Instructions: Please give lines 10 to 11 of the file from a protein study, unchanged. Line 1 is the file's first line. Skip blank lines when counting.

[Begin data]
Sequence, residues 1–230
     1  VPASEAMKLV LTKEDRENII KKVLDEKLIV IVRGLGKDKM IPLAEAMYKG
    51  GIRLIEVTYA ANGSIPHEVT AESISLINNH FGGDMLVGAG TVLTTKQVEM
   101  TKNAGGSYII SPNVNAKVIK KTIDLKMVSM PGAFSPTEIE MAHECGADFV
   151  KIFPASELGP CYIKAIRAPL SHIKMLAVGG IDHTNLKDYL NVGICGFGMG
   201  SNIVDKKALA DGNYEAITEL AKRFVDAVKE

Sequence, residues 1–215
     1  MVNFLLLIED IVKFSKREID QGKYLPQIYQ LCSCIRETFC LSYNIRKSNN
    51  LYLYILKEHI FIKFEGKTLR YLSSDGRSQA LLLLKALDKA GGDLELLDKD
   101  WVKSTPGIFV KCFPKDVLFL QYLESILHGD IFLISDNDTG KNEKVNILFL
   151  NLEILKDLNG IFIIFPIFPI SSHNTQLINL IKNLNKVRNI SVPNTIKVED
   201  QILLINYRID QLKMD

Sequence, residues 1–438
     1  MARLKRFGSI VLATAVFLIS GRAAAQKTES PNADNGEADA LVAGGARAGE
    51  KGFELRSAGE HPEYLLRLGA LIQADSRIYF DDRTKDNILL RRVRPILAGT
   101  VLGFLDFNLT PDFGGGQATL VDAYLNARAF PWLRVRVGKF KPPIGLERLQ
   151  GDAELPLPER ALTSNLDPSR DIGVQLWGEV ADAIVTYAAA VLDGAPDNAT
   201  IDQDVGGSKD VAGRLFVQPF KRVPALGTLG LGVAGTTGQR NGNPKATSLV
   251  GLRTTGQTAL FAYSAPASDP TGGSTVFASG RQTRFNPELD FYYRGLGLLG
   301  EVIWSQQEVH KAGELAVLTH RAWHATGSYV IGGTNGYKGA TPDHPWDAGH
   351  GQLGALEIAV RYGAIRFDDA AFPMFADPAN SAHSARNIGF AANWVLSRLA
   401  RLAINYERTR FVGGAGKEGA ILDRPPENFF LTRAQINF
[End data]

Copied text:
   101  WVKSTPGIFV KCFPKDVLFL QYLESILHGD IFLISDNDTG KNEKVNILFL
   151  NLEILKDLNG IFIIFPIFPI SSHNTQLINL IKNLNKVRNI SVPNTIKVED